The challenge of accurately diagnosing rare cancers

February 11, 2014, European Society for Medical Oncology

Inaccurate diagnosis is a major obstacle for the proper treatment of patients with rare cancers. A Consensus on Improving the Pathologic Diagnosis of Rare Cancers was presented today by Rare Cancers Europe, together with the European Society for Medical Oncology (ESMO) and the European Society of Pathology (ESP) in Brussels. The recommendations aim to help rare cancer patients get a timely and accurate diagnosis.

The statement is the result of a two-day workshop, where the particular challenges for each type of were discussed.

"Inaccurate means inappropriate treatment," said Paolo G Casali, from the Istituto Nazionale Tumori, Milan, Italy and ESMO Coordinator of the Rare Cancers Europe Initiative. "Pathological diagnosis is everything in oncology. There is an urgent need for solutions in health organization across Europe to facilitate referrals in order to ensure an accurate first diagnosis for rare cancer ."

Angelo Dei Tos, ESP Co-Chair of the workshop, said, "During this workshop, pathologists and clinicians have worked together to highlight challenges for each type of rare cancer. Diagnosing and treating cancers should always be a multidisciplinary effort."

Rare cancers affect over four million people in the EU and, taken together, represent 20% of all cancer cases and a huge burden on healthcare.

Zofija Mazej Kukovič, Member of the European Parliament (MEP) and former Minister of Health of Slovenia said: "When it comes to rare cancers, there is a clear need for European Reference Networks (ERN). These diseases affect large numbers of people, even though their prevalence is low. Patients have to tackle many difficulties, most of the time without the right support.There is a strong need for more collaboration among experts, especially in small member states, as Slovenia. We, the decision-makers, need to work for our patients. The cross border healthcare directive gives us the opportunity to be more efficient when it comes to rare diseases. Cancer is a distant topic for many of us, but when it comes to our home, things change. At the end of the day, we are all patients. "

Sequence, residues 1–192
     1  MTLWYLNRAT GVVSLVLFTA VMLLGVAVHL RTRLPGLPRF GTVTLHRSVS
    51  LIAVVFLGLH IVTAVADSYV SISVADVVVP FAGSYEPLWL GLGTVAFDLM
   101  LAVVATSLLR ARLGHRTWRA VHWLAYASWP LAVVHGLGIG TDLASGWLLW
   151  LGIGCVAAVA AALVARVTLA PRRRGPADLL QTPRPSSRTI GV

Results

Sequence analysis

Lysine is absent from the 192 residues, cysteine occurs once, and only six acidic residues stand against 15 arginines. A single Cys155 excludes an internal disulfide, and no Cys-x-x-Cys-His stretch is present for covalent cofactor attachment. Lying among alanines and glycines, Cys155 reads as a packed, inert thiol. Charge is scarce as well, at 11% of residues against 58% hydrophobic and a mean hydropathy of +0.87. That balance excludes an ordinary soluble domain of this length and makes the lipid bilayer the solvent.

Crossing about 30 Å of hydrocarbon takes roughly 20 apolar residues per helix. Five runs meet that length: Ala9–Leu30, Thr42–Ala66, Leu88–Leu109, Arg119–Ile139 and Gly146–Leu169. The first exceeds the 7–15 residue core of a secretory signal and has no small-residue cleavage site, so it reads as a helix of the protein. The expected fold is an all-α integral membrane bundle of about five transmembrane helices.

Kathy Oliver from the International Brain Tumour Alliance (IBTA) declared: "Every rare cancer patient in Europe should have equal access to the best healthcare. This includes the right to a second (reimbursed) opinion. If the best treatment is not available close to the patient's home, they should be able to contact the closest centre of excellence very quickly. ERNs are being established under the Cross Border Healthcare Directive but there is still a lot of red tape. In cancer, timely treatment is everything."

Industry representatives also attended the workshop. The Rare Cancers Europe initiative has called on them to prioritise the development of medicines for these diseases and will hold another workshop in October to address the methodological barriers to rare cancer care.

Casali concluded: "We have worked hard on the items for this vital consensus, but the important part comes now. The implementation of the recommendations we will release is crucial to improve the lives of rare cancer sufferers."

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